Nov 24

If Mama Ain’t Happy…

This is a re-post of a speech I gave to welcome everyone to the 1st Happy Mama Conference and Retreat, first held summer of 2012 in Conover, NC. It’s a great retreat and is still going on!

I’m reposting the speech for a couple of reasons. One, because even though several years have passed, none of the challenges I and so many of my fellow mamas of children with NB special needs have changed, and two, maybe more importantly, the core message of this speech is still CRUCIAL for us to remember: you are not alone.

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I’m Adrienne Ehlert Bashista. Some of you might know me from our group blog and book: Easy to Love but Hard to Raise, or through the Facebook page connected to it, or through A Mom’s View of ADHD blog or Facebook page, or some of you might not know me at all.

I have a 10 year old son who has fetal alcohol spectrum disorder, or FASD. I’m not going to talk that much about FASD except to say that it’s a brain-based disorder that manifests itself behaviorally. It’s a physical disability because it is based in his body, but it’s in the part of the body we don’t see, the brain, but the part of the body that has the greatest impact on his behavior, his learning, his ability to get along in the world, and his relationship with his family and anyone else he meets.

Our path to getting our son the correct diagnosis was a loooooong one. His first diagnosis was ADHD, followed by ODD, mood disorder, pervasive developmental disorder, pediatric bipolar, then we found out he has borderline intelligence and finally, after 4 psychiatrists, 3 therapists, 2 family practice doctors, 3 OTs. 1 speech therapist we found the diagnosis that made sense.

For everyone in this room who’s had to struggle to find a diagnosis, whose had to trust her gut more than the experts, who’s taken their kid to very well-meaning, kind, but ultimately ineffective people, who’ve largely blamed yourself for your child’s behavior problems (because in the end, who else do you blame)? I need to tell you this: Continue reading

Aug 14

If Mama Ain’t Happy, well…

This is the speech I gave to welcome everyone to the Happy Mama Conference and Retreat, held a couple of weeks ago in Conover, NC. We had an amazing time and we will definitely be doing it again. I’m sharing the welcome speech on the blog because I think it will resonate with all our readers. Remember, you are not alone.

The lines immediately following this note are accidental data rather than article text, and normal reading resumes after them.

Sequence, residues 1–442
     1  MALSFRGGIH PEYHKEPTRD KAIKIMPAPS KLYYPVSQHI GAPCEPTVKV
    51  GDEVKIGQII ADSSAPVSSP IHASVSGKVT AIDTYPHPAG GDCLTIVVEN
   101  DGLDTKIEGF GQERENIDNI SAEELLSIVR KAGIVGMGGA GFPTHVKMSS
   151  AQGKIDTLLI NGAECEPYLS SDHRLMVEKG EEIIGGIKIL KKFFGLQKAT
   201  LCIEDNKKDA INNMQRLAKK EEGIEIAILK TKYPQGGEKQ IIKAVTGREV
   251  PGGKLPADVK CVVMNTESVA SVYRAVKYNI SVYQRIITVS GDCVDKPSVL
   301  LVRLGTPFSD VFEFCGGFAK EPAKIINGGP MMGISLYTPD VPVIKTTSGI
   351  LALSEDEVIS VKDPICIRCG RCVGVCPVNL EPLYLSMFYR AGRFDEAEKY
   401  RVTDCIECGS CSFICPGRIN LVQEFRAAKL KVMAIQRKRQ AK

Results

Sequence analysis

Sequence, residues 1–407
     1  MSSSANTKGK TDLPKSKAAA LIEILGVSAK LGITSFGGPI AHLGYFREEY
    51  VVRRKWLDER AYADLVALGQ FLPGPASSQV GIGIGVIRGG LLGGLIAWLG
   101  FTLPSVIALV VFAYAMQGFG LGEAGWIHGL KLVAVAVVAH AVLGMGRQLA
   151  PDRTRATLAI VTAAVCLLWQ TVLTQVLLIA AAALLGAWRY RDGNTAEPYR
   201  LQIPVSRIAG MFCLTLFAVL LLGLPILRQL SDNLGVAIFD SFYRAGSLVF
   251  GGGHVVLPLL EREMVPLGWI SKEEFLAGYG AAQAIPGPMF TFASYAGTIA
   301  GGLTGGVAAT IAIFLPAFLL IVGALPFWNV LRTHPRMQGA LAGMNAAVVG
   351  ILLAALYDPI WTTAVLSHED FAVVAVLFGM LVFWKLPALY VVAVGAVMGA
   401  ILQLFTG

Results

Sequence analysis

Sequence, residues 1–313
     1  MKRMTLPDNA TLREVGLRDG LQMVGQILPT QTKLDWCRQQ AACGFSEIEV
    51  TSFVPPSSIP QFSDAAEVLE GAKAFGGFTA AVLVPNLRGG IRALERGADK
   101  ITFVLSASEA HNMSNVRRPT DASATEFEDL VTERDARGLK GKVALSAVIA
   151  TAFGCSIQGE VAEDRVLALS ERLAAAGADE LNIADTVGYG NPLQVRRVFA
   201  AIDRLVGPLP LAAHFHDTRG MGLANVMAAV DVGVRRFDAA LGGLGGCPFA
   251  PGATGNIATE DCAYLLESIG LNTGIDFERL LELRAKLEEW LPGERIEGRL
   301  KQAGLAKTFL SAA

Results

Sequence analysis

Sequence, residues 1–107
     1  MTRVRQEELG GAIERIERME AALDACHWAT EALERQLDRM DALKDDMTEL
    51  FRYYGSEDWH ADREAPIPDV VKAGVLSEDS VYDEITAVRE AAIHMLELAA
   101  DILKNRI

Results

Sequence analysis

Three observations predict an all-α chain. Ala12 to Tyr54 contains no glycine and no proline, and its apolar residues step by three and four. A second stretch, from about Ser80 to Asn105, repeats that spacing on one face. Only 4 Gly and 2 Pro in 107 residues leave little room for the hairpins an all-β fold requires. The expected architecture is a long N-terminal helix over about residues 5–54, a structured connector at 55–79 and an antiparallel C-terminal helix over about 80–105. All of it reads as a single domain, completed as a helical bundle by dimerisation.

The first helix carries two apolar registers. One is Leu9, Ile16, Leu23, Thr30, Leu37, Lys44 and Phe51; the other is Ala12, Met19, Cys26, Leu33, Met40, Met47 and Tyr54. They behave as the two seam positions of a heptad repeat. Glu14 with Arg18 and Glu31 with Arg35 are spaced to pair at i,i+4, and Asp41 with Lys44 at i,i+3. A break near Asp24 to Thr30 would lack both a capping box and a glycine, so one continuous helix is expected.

I’m Adrienne Ehlert Bashista. Some of you might know me from our group blog and book: Easy to Love but Hard to Raise, or through the Facebook page connected to it, or through A Mom’s View of ADHD blog or Facebook page, or some of you might not know me at all.

I have a 10 year old son who has fetal alcohol spectrum disorder, or FASD. I’m not going to talk that much about FASD except to say that it’s a brain-based disorder that manifests itself behaviorally. It’s a physical disability because it is based in his body, but it’s in the part of the body we don’t see, the brain, but the part of the body that has the greatest impact on his behavior, his learning, his ability to get along in the world, and his relationship with his family and anyone else he meets.

Our path to getting our son the correct diagnosis was a loooooong one. His first diagnosis was ADHD, followed by ODD, mood disorder, pervasive developmental disorder, pediatric bipolar, then we found out he has borderline intelligence and finally, after 4 psychiatrists, 3 therapists, 2 family practice doctors, 3 OTs. 1 speech therapist we found the diagnosis that made sense. Continue reading

Aug 14

If Mama Ain’t Happy, part 2.

Here’s part 1 of this post. I was just about to explain a metaphor for parenting a child with invisible special needs.

This chair is in my bedroom. Do any of you have a chair in your bedroom? What happens to chairs in your bedroom? This….

Maybe not quite as bad as mine, but whatever. It’s been a busy last couple of weeks.

Here’s the deal with the chair: when I do laundry I bring it into my bedroom to sort and put in piles on my bed. Each kid has a pile, my husband has a pile, towels go in a pile, etc. Once laundry is finished for the day I call my kids in to put their clothes away, and they usually do. Sometimes my son Jamie puts up a big stink (he’s my ETL baby) but since this is the ONE CHORE he has eventually he’ll do it. My husband puts his clothes away, too. So that leaves my clothes, the towels, the sheets, cloth napkins, dishtowels, etc.

So I make sure everyone’s laundry is put away…and then I don’t put away my own. Continue reading